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Allendorf v. Daily

OPINION FILED SEPTEMBER 23, 1955.

EDITH ALLENDORF, APPELLANT,

v.

GENEVIEVE DAILY ET AL., APPELLEES.



APPEAL from the Circuit Court of Kankakee County; the Hon. C.D. HENRY, Judge, presiding.

MR. JUSTICE BRISTOW DELIVERED THE OPINION OF THE COURT:

Rehearing denied November 21, 1955.

The plaintiff, Edith Allendorf, has appealed and the defendants, Genevieve and Martha Daily, have cross-appealed from a decree of the circuit court of Kankakee County establishing plaintiff's rights under a grant of right-of-way easement, enjoining the plaintiff from encroaching beyond such right of way as so established, and assessing punitive damages against the plaintiff for trespassing upon the defendants' land.

Since the right to a perpetual right-of-way easement over land is in issue a freehold is involved warranting direct appeal to this court. Poulos v. Hill Co. 401 Ill. 204; Housing Authority v. Church of God, 401 Ill. 100; Wiley v. Lamprecht, 400 Ill. 587.

The complaint filed by the plaintiff prayed for an injunction restraining the defendants from interfering with plaintiff's use of an alleged two-rod-wide right-of-way easement strip over the east side of defendants' 80-acre farm as a means of ingress to and egress from lands owned by the plaintiff and for damages to such right-of-way strip.

The defendants' answer denied the right of plaintiff to such an easement, and their counterclaim asserted that the alleged easement was void in its inception or had been abandoned, and prayed that it be removed as a cloud on defendants' title. Such counterclaim further alleged that the east boundary of the defendants' 80-acre farm is a fence, but the true east line of such 80 acres lies east of the fence, the distance varying from 13 to 17 feet, and, in the alternative, prayed that the plaintiff be enjoined from entering any part of the defendants' land which is more than two rods west of the true boundary of the 80 acres. The counterclaim further set up a charge of trespass and claim for damages.

In addition to general denials of the counterclaim, plaintiff set up affirmative defenses of res judicata, easement by implication, and easement by adverse possession.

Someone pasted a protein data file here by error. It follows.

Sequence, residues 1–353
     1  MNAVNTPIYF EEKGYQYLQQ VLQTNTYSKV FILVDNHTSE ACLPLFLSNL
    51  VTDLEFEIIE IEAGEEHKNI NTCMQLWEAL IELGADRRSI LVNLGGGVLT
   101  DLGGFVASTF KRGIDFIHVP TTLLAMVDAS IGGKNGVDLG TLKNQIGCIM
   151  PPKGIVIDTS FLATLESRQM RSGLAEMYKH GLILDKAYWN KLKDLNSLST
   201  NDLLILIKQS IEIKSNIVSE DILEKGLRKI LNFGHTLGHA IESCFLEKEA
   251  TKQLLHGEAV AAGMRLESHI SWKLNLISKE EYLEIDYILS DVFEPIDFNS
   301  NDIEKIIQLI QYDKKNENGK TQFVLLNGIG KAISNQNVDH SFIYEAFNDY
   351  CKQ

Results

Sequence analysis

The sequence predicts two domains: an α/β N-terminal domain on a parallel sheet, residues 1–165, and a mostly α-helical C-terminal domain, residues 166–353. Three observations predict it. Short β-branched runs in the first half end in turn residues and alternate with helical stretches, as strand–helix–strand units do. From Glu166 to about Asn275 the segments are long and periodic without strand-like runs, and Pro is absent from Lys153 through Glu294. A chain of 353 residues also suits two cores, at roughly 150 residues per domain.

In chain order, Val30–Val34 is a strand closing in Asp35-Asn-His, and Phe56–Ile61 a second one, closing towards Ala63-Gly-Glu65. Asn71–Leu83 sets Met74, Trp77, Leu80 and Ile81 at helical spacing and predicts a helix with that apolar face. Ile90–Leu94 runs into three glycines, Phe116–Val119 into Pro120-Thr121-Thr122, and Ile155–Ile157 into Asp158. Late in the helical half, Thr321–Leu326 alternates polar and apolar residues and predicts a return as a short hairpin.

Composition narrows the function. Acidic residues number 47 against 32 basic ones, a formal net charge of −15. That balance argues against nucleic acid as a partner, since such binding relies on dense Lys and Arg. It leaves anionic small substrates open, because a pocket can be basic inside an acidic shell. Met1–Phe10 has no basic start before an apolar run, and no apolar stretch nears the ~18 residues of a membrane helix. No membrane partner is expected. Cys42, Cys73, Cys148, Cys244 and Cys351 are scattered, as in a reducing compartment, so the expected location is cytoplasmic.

The special master to whom the case was referred, after hearing extensive testimony and arguments and considering the briefs of counsel, reported detailed findings, conclusions and recommendations to the trial court. Objections by both parties to the master's findings, conclusions and recommendations were overruled and allowed to stand as exceptions and the trial court approved and incorporated the master's findings, conclusions and recommendations in its final decree.

The final decree adjudged an easement by express grant to the plaintiff of that portion of the east two rods of the southwest quarter of section 29, township 30 N., range 12 W. of 2d P.M. in Kankakee County, lying immediately west of the division fence located on said two rods, said easement being for the benefit of certain lands owned by the plaintiff in said section and those lands only; restrained plaintiff from using said easement for the benefit of other land owned by the plaintiff, from entering or using any portion of the west 78 acres of the east half of the southwest quarter of section 29, township 30 N., range 12 W. of 2d P.M. in Kankakee County, from removing or interfering with gates at either end of the easement except opening and closing thereof; found the plaintiff guilty of willful trespass and assessed special damages against her; ordered the plaintiff to keep the easement in repair and restrained the defendants from interfering with the lawful use of the easement.